Problem 7: Load Sharing (Non-combinatorial). Consider a parallel load-sharing system consisting of two components A and B. Under the load sharing conditions, each component carries one-half of the load. If under half-load conditions, the failure rate for each component is one-third of the full load failure rate. The full-load component failure rate is "a." Figure 7A shows the Markov Model for this example.
Figure 7A. Markov Model for Problem 7: (Click to Zoom)
This is a very interesting problem. At first glance this problem appears to be combinatorial since its Markov Model looks very much like the Markov Model of Problem 3. Construction of an equivalent model, Figure 7B, reveals that it is non-combinatorial.
Figure 7B. Equivalent Markov Model for Problem 7: (Click to Zoom)
Problem 7: General Solution for n > 1 and n ≠ 2. If the previous problem read "If under half-load conditions, the failure rate for each device is 1/n times the full load failure rate," the solution would be:
Problem 7: General Solution for n = 2
Problem 8: Reconfiguration (Non-combinatorial): A system is made up of three computers with each computer having failure rate "a." Upon detection of failure of any one of the three, the remaining two reconfigure themselves at rate "b," and continue operating. Upon detection of a second failure, the remaining one reconfigures itself at rate "b," and continues operating until it fails. Note that if a computer should fail before a reconfiguration is completed, the system fails. Find Pf. The Markov model for this problem is shown in Figure 8.
Figure 8. Markov Model for Problem 8: (Click to Zoom)
The probability of a system failure is the probability that the system enters state 3 or 6 or 8, and therefore Pf = P(3) + P(6) + P(8). Note: As per Item 2. of the NASA Excerpt "Reconfiguration" is another example of a non-combinatorial problem.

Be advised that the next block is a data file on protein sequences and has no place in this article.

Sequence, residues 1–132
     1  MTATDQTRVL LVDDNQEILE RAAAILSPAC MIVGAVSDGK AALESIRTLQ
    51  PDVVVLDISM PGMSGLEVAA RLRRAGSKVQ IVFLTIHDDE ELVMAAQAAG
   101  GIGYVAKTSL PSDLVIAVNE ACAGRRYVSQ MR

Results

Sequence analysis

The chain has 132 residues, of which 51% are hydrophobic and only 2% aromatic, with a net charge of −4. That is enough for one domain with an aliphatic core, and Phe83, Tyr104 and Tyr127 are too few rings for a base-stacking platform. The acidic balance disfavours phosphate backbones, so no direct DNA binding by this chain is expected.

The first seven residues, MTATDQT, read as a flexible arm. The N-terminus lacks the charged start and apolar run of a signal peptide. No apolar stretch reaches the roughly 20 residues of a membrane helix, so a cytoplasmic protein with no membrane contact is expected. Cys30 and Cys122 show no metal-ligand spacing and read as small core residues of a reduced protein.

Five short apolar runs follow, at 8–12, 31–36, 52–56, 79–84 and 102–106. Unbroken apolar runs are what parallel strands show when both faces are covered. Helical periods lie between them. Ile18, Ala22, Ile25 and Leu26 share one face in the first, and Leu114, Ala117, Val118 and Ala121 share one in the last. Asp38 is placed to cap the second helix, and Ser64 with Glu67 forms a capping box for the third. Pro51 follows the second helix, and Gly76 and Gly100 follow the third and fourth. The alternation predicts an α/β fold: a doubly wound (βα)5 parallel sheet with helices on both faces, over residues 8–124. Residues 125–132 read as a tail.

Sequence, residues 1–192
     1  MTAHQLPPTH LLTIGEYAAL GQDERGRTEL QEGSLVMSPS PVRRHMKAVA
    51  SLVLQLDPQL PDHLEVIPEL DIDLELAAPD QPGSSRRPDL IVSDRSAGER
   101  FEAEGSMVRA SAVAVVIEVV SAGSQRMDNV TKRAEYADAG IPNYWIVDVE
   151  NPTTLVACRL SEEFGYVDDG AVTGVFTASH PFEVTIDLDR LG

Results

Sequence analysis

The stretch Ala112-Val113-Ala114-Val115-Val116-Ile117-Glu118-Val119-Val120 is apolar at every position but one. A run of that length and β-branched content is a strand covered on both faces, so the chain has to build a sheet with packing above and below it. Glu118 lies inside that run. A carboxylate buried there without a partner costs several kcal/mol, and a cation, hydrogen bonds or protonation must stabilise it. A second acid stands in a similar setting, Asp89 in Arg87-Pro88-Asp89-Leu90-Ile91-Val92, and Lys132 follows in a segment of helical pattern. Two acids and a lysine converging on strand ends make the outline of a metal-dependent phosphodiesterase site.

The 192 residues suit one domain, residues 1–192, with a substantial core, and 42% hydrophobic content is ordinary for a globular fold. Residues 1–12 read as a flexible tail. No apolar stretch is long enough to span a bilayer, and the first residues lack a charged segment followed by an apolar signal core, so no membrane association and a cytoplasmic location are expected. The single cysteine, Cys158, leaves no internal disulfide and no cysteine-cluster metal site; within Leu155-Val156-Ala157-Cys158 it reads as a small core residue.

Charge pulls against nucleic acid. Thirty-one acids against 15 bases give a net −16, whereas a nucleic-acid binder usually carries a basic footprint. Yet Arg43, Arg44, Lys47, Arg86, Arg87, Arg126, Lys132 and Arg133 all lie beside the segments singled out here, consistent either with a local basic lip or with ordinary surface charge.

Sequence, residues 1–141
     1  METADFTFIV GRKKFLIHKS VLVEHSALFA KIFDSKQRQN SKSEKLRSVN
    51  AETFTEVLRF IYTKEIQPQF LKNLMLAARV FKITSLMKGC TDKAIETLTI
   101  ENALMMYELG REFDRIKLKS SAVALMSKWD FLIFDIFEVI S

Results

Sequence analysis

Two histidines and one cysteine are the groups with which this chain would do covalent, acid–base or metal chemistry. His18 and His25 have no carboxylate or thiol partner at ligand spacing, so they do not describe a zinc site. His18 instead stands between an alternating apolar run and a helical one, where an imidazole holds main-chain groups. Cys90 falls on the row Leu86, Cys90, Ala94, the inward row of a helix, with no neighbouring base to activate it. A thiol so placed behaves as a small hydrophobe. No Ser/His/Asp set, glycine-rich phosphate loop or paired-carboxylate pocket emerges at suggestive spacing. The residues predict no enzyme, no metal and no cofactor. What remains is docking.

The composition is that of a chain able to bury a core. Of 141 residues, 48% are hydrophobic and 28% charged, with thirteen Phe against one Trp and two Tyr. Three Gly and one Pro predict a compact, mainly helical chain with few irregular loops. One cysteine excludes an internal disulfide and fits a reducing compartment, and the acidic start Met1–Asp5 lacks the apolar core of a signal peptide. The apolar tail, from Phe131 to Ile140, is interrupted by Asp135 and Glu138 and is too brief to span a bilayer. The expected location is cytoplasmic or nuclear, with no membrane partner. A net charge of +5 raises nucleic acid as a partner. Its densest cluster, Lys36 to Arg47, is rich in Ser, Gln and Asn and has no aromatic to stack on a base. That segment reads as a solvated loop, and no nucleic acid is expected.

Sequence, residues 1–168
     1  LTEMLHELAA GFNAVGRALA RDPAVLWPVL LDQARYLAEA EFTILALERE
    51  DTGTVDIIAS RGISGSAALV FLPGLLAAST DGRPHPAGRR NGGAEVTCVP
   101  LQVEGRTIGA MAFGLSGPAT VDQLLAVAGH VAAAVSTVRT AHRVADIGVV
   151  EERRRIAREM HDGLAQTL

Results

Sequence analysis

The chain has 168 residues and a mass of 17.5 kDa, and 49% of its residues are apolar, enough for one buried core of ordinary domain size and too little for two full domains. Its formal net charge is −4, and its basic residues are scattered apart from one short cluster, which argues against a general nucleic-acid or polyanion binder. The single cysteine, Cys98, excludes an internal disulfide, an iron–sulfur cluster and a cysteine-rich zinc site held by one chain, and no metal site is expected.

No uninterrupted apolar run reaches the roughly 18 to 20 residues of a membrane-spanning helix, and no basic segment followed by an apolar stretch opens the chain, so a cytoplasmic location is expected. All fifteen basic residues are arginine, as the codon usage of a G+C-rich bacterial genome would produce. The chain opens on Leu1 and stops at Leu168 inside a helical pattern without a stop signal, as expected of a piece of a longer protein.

Problem 9: Function Failure Undetected (Non-combinatorial): A certain system incorporates Built-In-Test (BIT) which detects 90% of function failures of an electrical device. The function has failure rate "f," and BIT has failure rate "b."
Assuming the function and BIT are checked during preflight, what is the probability of the function failing undetected? Figure 9A shows the Markov model and solution; Figure 9B the FTA model and solution.
Figure 9A. Markov Model and Solution for Problem 9: (Click to Zoom)
Figure 9B. FTA Model and Solution for Problem 12: (Click to Zoom)
- x = Prob (Function fails undetected) = 0.1 * f * t
- y = Prob (Function fails detected) = 0.9 * f * t
- z = Prob (BIT fails) = b * t where t is the elapsed time measured with pre-flight being start of count.
- Pf = x + yz/2 xyz/2 = x + yz(1-x)/2
- Pf = 1 [e-.1ft + e-ft + e-(.1f+b)t - e-(f+b)t]/2
Figures 9C and 9D, show graphs for the Undetected Failure problem, in which the Markov and FTA solutions are compared (0 to 100 hours and 0 to 10,000 hours).
Non-combinatorial Problem Summary Chart:
Selected examples of non-combinatorial problems are summarized in Table 2.
Figure 9C. Graph for the Undetected Failure Problem, Markov vs. FTA (0 to 100 hours): (Click to Zoom)
Figure 9D. Graph for the Undetected Failure Problem, Markov vs. FTA (0 to 10,000 hours): (Click to Zoom)
Table 2. Summary of Selected Examples of Non-combinatorial Problems
Note: Solutions to non-combinatorial problems cannot be expressed in terms of integral sums, products, and exponents of their respective probabilities of successes or failures. Notice in column 3, the coefficients and exponents of terms are not all integers. This is the telltale characteristic of non-combinatorial type problems.
Methods for Solving Markov (Non-Combinatorial) Problems
Methods for solving non-combinatorial type problems include solving a set of simultaneous differential equations (DEs), Laplace Transforms, Convolution, and State Sequence Method.
- In the world of Risk Analyses (calculating probability of failure), there exists problems which by nature are non-combinatorial as well as combinatorial.
- Analysts need to recognize, and be able to distinguish between both combinatorial and non-combinatorial type problems.
- Analysts should have the tools to solve both types qualitatively and quantitatively.
- Since FTA is easy to understand, very well known, and handles combinatorial problems very well, it is suggested that the analyst continue to use FTA whenever dealing with combinatorial types.
- It is suggested that MA not be used as a substitute for FTA, but rather as a supplement whenever non-combinatorial type problems are encountered.
- Aerospace Recommended Practices ARP4761 Issue 1996-12.
- NASA Ref. Publication 1348.